Communist China and America each proclaim artificial intelligence (AI) as the new battleground for primacy on the global stage. Yet complex technology advances in miniaturization and functionality occur dizzyingly fast, are difficult to grasp, and happen behind the scenes.
Fortunately, respected retired journalist John Moody’s newest political thriller, “The World We Wish” (Brick Tower Press, Sept. 20, 2022, 334 pages), depicts these issues facing the world via tried-and-true storytelling.
While fiction, his writing reflects a professional dedication to authentic research and reliable sources. He shows exactly how China’s quest to pursue dominance in semiconductors and artificial intelligence has succeeded.
Moody’s premise is that while American politicians pursue an ideal world grappling with diversity policies among cultural licentiousness, the Chinese regime has already stolen intellectual property, weaponized personal data, and harnessed the best minds to create an entirely new world of technology-based warfare and escapism.
Moody’s nuanced key figures share a common goal: power over people. China’s unmanned attack drones demonstrate capabilities to destroy entire armies through preprogrammed software. Eventually, AI empowers battlefield decisions with little to no human oversight or intervention.
That is frightening, yet nothing close to the alternative: escape into the metaverse, a virtual world solely based on feelings and the idea of how the world ought to be.
As addicting as drugs, this type of escapism is indeed being built today by Mark Zuckerberg’s Meta (previously Facebook). Moving from heavy headgear to contact lenses to eventual implants in order to make this artificial world instantly accessible, it is no longer a game.
China’s version of this fantasy world comes at extreme cost, as described in this excerpt:
“There’s no such word as no in the metaverse. The world they wish is the one where they can live. … They can be free. And they can be happy, forever, in the metaverse. As long as they don’t try to leave it.”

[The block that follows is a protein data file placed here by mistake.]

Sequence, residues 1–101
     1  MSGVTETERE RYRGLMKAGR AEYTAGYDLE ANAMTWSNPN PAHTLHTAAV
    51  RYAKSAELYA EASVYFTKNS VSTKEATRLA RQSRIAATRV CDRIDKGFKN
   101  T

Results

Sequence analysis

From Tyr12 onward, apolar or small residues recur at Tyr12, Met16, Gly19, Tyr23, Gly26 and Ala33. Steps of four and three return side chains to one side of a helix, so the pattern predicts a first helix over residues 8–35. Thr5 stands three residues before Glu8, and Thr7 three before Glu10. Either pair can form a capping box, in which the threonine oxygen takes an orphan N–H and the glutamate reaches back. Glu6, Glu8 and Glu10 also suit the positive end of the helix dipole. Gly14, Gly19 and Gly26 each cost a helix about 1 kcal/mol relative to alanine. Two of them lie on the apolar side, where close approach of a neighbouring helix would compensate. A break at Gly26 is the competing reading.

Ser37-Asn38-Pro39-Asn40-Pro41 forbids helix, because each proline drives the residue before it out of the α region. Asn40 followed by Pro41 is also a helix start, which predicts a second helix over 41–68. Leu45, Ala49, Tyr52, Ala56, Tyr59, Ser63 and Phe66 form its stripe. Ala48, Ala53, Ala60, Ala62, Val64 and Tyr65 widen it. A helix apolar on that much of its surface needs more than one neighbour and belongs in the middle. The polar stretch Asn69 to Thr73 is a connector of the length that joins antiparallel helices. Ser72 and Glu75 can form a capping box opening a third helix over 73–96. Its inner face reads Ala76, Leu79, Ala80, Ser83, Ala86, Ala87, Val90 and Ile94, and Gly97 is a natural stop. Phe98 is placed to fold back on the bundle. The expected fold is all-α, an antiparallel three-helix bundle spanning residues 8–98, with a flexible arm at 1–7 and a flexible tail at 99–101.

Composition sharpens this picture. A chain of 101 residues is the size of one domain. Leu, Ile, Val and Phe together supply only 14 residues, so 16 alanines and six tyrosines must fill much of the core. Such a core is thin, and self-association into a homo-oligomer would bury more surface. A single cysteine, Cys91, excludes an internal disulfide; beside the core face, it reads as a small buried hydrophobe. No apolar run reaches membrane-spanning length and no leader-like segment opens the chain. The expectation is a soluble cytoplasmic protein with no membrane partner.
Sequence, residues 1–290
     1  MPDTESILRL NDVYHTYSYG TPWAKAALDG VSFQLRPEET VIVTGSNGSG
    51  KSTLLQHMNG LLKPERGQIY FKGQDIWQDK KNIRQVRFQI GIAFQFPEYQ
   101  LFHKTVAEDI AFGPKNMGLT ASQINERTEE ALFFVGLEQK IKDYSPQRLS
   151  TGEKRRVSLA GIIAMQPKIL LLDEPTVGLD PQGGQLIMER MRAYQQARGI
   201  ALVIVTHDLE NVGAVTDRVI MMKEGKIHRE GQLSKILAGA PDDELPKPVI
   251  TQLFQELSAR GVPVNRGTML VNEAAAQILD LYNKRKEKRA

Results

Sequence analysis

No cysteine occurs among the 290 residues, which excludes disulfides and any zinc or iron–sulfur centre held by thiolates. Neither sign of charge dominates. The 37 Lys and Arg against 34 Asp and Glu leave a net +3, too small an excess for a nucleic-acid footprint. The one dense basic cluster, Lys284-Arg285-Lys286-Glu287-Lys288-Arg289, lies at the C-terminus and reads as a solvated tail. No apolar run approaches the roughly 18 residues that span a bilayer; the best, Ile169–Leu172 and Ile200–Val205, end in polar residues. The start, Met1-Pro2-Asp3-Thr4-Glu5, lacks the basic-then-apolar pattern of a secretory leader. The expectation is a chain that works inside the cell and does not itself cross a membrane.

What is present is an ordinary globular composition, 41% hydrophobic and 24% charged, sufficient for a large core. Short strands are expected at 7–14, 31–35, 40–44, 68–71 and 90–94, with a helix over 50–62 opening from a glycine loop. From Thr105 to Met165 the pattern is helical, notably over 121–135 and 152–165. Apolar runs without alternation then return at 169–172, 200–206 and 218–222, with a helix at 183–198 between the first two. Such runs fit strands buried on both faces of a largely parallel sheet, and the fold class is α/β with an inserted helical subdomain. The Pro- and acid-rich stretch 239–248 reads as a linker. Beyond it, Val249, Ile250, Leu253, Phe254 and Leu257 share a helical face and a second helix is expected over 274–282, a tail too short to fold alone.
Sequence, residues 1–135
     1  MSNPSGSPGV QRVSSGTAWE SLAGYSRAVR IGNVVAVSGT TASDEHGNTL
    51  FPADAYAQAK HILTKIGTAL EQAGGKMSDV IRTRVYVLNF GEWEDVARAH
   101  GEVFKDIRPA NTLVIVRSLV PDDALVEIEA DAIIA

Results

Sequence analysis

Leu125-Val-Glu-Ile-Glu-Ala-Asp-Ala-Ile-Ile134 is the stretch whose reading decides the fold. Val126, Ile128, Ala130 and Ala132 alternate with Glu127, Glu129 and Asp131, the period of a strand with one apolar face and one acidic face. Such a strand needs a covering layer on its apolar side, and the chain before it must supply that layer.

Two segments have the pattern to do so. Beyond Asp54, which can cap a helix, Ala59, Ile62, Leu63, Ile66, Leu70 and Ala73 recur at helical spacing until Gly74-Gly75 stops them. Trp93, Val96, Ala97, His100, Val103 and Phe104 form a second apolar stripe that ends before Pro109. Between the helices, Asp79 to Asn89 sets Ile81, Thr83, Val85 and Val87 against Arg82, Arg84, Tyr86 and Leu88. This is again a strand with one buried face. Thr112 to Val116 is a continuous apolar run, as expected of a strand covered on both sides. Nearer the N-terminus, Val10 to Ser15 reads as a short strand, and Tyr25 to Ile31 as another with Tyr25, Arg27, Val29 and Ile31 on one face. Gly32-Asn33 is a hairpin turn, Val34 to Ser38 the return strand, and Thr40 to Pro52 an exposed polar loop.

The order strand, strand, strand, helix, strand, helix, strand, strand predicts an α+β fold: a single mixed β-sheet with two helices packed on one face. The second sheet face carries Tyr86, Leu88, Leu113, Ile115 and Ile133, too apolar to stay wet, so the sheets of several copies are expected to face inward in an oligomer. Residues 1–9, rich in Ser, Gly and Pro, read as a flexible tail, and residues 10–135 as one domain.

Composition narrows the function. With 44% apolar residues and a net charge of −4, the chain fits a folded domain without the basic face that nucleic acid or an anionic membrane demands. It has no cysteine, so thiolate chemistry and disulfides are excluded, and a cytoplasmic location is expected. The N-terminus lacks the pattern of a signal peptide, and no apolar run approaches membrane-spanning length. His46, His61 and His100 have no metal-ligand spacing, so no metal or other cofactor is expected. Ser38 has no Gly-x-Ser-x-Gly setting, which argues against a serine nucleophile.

The option Moody presents is stark: fight for freedom or flee into feelings forever.
Crafting that dilemma perfectly, the reader is thrust into the gruesome plight of enslaved Uyghur Muslims in China’s western outskirts, their bodies horribly tortured and then harvested for organs. Miniaturization of semiconductor chips for inhalation and attachment to the human nervous system is disconcerting, and coming soon.
Yet Moody also offers contrasting lighthearted flights of fancy, from Abbott-Costello-like comedy to poetic musings about a beautiful woman. His minor characters border on caricature, reflecting a telling skepticism of America’s technological superiority, long usurped.
Artificial intelligence begets artificial intimacy, so the technological experts grapple with an untrustworthy world of their own design. Borders between reality and fantasy blur, while the Chinese Communist Party and its holographic leader, Xi Jinping, remain laser-focused on AI’s supremacy in today’s digital world.
Thus, the story unfolds with the ongoing temptation of brutal power via science run amok, balanced against the enticement of individually created utopia and a sort of soporific, self-determined euthanasia. Lifelong battles or eternal peace. Red pill versus blue pill.
Moody’s decades of covering politics and world affairs bring a fine polish to the plot’s subtleties, a parallel to choices facing today’s voters. Progressivism or MAGA, globalism or nationalism, Moody pulls no punches in making sure that communist China’s inhumane practices and unwavering push for world dominance are on full display.
Similar to this novel’s prequel, “Of Course They Knew, Of Course They …,” the ending is as ambiguous as the premise, as anti-climatic and unsettling as the world we live in, though probably not the world we wish.
Views expressed in this article are the opinions of the author and do not necessarily reflect the views of The Epoch Times.